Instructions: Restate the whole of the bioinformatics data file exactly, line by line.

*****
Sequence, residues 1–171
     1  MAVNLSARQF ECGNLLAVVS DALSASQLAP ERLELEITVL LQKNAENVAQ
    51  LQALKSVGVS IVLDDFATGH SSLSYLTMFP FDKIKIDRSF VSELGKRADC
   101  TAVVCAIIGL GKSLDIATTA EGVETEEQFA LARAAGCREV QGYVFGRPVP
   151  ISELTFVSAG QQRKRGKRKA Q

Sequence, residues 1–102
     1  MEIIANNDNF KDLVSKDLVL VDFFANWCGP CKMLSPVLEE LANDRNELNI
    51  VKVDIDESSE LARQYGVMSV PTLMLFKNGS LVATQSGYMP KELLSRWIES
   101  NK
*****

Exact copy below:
Sequence, residues 1–171
     1  MAVNLSARQF ECGNLLAVVS DALSASQLAP ERLELEITVL LQKNAENVAQ
    51  LQALKSVGVS IVLDDFATGH SSLSYLTMFP FDKIKIDRSF VSELGKRADC
   101  TAVVCAIIGL GKSLDIATTA EGVETEEQFA LARAAGCREV QGYVFGRPVP
   151  ISELTFVSAG QQRKRGKRKA Q

Sequence, residues 1–102
     1  MEIIANNDNF KDLVSKDLVL VDFFANWCGP CKMLSPVLEE LANDRNELNI
    51  VKVDIDESSE LARQYGVMSV PTLMLFKNGS LVATQSGYMP KELLSRWIES
   101  NK